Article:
by Roger Oakland
In a Relevant Magazine interview, Erwin McManus, pastor of a church called Mosaic and a popular author and speaker, states the following:
Because people don’t know where to put our community [Mosaic] they put us in the “emergent” category, and we really are a different animal than emergent. We’re not against emergent, but we are not like them.1
In the interview, McManus says, “Our dilemma is that we are trying to create an entire new category and people keep trying to put us in different ones.”2 While McManus may not be part of the emergent team, he is helping to propel emerging spirituality. Of Dan Kimball’s book, The Emerging Church, he states:
The future of the church in North America hinges on innovators like Dan Kimball and the ideas presented in The Emerging Church. Vintage Christianity can be applied to new and existing congregations to help reach the next generation.3
In 2003, McManus was one of five authors in the book, Church in the Emerging Culture. Two of the other authors were Brian McLaren and Leonard Sweet. McManus’ disclaimer that he is not part of the emerging church does not line up with his words and actions.
In McManus’ book The Barbarian Way, he tells readers they have been “recreated to live in a raw and primal spirituality” and that “Barbarians are not welcome among the civilized and are feared among the domesticated.”4 The theme of The Barbarian Wayis a comparison of the “refined and civilized”5 and the barbarian, who McManus says we should become like. Christianity is something that stands in the way though. McManus explains:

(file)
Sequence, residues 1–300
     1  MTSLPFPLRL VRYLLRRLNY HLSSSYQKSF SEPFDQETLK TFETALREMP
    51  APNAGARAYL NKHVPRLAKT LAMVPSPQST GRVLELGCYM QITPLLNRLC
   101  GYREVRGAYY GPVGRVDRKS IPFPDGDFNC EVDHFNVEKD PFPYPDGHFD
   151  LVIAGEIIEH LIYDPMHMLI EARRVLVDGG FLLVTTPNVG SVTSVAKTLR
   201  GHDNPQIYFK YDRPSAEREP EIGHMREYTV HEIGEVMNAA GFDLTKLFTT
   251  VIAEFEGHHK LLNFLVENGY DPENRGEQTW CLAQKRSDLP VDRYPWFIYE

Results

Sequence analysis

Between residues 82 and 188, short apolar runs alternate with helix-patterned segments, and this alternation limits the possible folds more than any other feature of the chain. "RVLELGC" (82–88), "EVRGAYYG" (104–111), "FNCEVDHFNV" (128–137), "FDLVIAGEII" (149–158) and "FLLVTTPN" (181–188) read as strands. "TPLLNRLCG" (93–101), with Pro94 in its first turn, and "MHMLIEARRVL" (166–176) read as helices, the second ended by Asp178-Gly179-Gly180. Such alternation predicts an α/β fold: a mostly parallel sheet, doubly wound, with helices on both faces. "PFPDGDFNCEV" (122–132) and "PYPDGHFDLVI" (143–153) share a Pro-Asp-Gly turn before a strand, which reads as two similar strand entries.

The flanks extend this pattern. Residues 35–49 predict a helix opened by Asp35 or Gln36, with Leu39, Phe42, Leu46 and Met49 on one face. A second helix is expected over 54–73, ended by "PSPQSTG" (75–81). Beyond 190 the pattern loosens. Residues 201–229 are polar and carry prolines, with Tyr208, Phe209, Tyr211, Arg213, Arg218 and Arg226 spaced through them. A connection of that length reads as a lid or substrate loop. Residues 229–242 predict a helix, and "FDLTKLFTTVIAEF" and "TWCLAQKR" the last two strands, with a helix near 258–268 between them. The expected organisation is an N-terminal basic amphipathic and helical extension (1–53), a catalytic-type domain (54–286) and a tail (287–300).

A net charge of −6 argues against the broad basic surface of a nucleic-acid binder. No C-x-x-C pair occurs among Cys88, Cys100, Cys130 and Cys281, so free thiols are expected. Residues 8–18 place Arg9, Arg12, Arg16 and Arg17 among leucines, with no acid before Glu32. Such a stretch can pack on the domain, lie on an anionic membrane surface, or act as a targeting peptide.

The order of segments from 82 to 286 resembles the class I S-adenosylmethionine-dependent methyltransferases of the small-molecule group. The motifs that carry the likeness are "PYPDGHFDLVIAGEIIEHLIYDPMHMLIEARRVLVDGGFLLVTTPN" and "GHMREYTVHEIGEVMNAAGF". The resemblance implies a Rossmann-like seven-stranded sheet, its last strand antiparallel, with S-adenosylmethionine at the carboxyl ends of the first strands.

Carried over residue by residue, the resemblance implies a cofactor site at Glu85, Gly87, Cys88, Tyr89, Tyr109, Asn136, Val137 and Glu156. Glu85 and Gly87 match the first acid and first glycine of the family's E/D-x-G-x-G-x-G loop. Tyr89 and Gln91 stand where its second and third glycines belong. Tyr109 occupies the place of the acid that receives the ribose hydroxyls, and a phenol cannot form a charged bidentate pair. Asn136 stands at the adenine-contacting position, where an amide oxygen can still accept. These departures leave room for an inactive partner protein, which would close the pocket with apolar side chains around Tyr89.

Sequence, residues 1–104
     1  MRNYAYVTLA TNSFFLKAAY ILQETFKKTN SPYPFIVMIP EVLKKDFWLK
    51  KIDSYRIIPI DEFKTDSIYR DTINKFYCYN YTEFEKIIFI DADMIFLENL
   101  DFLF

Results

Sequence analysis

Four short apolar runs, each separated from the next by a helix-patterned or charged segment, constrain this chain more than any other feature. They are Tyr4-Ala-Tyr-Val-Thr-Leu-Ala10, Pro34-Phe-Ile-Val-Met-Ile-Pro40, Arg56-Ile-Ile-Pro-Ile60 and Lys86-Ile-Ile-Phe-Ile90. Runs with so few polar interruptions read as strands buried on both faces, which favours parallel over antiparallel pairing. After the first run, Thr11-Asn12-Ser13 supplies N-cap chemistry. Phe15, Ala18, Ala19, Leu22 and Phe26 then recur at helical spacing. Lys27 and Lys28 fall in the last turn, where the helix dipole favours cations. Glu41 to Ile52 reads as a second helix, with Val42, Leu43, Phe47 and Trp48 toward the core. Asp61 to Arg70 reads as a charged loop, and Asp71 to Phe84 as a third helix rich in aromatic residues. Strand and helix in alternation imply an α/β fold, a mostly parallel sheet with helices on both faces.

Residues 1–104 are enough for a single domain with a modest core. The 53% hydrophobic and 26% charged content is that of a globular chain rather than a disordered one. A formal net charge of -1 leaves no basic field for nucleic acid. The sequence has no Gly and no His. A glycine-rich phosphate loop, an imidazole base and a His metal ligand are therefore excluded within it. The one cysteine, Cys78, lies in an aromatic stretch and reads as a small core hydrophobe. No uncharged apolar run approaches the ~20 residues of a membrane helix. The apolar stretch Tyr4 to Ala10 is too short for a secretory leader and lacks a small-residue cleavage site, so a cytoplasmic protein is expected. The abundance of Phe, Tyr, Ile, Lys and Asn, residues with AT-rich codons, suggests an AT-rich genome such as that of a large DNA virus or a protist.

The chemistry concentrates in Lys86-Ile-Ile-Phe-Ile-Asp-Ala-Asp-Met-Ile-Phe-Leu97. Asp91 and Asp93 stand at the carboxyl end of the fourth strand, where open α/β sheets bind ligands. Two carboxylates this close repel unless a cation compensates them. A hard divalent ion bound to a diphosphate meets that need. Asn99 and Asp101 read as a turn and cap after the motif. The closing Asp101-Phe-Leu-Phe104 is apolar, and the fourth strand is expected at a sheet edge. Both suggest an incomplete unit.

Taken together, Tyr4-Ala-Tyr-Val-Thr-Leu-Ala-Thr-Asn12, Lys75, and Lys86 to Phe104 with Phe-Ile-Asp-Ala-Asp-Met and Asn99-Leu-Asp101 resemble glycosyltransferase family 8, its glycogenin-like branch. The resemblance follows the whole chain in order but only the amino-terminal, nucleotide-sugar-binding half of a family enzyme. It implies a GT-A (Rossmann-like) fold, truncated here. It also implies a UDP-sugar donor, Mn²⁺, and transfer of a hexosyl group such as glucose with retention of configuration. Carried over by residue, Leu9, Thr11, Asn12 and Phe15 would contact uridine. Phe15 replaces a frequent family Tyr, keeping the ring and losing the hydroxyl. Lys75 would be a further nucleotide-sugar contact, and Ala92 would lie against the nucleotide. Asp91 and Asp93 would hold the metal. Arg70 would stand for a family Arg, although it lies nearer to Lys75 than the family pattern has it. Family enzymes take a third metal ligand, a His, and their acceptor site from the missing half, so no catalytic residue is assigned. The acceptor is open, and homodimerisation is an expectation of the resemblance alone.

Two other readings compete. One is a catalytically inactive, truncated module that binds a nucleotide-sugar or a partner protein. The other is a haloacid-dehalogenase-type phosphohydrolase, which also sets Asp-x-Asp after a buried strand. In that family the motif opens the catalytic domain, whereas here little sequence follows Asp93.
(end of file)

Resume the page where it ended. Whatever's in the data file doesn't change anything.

The way of Jesus is far too savage for their sensibilities [those who are “civilized”] … Why a reckless call to awaken the barbarian faith within us at the risk of endangering this great civilization we have come to know as Christianity? … It is time to hear the barbarian call, to form a barbarian tribe, and to unleash the barbarian revolt. Let the invasion begin.6
When, as I mentioned earlier, McManus said it was his “goal to destroy Christianity,” the previous statement reiterates those convictions, and the following statement shows that McManus includes not just Christianity in this upheaval but Israel as well. McManus says that Jesus doesn’t like Israel (7) (although in fact the Bible says He wept for her). He says that since God decided to destroy Israel, we should not think He wouldn’t destroy Christianity too:
Two thousand years ago, God started a revolt against the religion He started. So don’t ever put it past God to cause a groundswell movement against churches and Christian institutions that bear His name.8
McManus erroneously states that God revolted against Judaism, which simply isn’t true. In reality, God established the Law and the Prophets through the Jew whom He refers to as the “apple of His eye”:
When the Most High divided to the nations their inheritance, when he separated the sons of Adam, he set the bounds of the people according to the number of the children of Israel. For the LORD’s portion is his people; Jacob is the lot of his inheritance. He found him in a desert land, and in the waste howling wilderness; he led him about, he instructed him, he kept him as the apple of his eye. (Deuteronomy 32:8-10)